Identifying structural damage is an essential task for ensuring the safety and functionality of civil, mechanical, and aerospace structures. In this study, the structural damage identification scheme is formulated as an optimization problem, and a new meta-heuristic optimization algorithm, called visible particle series [...] Read more.
Identifying structural damage is an essential task for ensuring the safety and functionality of civil, mechanical, and aerospace structures. In this study, the structural damage identification scheme is formulated as an optimization problem, and a new meta-heuristic optimization algorithm, called visible particle series search (VPSS), is proposed to tackle that. The proposed VPSS algorithm is inspired by the visibility graph technique, which is a technique used basically to convert a time series into a graph network. In the proposed VPSS algorithm, the population of candidate solutions is regarded as a particle series and is further mapped into a visibility graph network to obtain visible particles. The information captured from the visible particles is then utilized by the algorithm to seek the optimum solution over the search space. The general performance of the proposed VPSS algorithm is first verified on a set of mathematical benchmark functions, and, afterward, its ability to identify structural damage is assessed by conducting various numerical simulations. The results demonstrate the high accuracy, reliability, and computational efficiency of the VPSS algorithm for identifying the location and the extent of damage in structures. Full article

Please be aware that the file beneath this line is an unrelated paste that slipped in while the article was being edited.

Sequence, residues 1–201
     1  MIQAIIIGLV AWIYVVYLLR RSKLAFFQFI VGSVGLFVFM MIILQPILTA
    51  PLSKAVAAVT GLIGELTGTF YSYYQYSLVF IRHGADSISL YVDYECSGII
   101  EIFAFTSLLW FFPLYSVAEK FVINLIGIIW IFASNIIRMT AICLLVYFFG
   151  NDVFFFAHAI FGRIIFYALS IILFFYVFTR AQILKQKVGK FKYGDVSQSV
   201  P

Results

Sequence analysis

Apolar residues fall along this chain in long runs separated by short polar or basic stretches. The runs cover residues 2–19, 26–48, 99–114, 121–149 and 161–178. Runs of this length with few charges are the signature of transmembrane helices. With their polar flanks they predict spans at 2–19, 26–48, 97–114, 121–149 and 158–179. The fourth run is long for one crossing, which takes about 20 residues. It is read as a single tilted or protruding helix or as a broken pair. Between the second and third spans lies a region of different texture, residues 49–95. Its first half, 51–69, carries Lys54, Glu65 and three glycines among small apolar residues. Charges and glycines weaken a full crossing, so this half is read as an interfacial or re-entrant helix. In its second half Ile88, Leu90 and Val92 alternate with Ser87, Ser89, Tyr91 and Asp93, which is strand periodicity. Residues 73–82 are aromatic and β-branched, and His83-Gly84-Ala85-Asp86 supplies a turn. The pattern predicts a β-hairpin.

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22 pages, 650 KiB  
Article
OBET: On-the-Fly Byte-Level Error Tracking for Correcting and Detecting Faults in Unreliable DRAM Systems
by Duy-Thanh Nguyen, Nhut-Minh Ho, Weng-Fai Wong and Ik-Joon Chang
Sensors 2021, 21(24), 8271; https://doi.org/10.3390/s21248271 - 10 Dec 2021
Cited by 1 | Viewed by 3109
Abstract
With technology scaling, maintaining the reliability of dynamic random-access memory (DRAM) has become more challenging. Therefore, on-die error correction codes have been introduced to accommodate reliability issues in DDR5. However, the current solution still suffers from high overhead when a large DRAM capacity [...] Read more.
With technology scaling, maintaining the reliability of dynamic random-access memory (DRAM) has become more challenging. Therefore, on-die error correction codes have been introduced to accommodate reliability issues in DDR5. However, the current solution still suffers from high overhead when a large DRAM capacity is used to deliver high performance. We present a DRAM chip architecture that can track faults at byte-level DRAM cell errors to address this problem. DRAM faults are classified as temporary or permanent in our proposed architecture, with no additional pins and with minor DRAM chip modifications. Hence, we achieve reliability comparable to that of other state-of-the-art solutions while incurring negligible performance and energy overhead. Furthermore, the faulty locations are efficiently exposed to the operating system (OS). Thus, we can significantly reduce the required scrubbing cycle by scrubbing only faulty DRAM pages while reducing the system failure probability up to 5000∼7000 times relative to conventional operation. Full article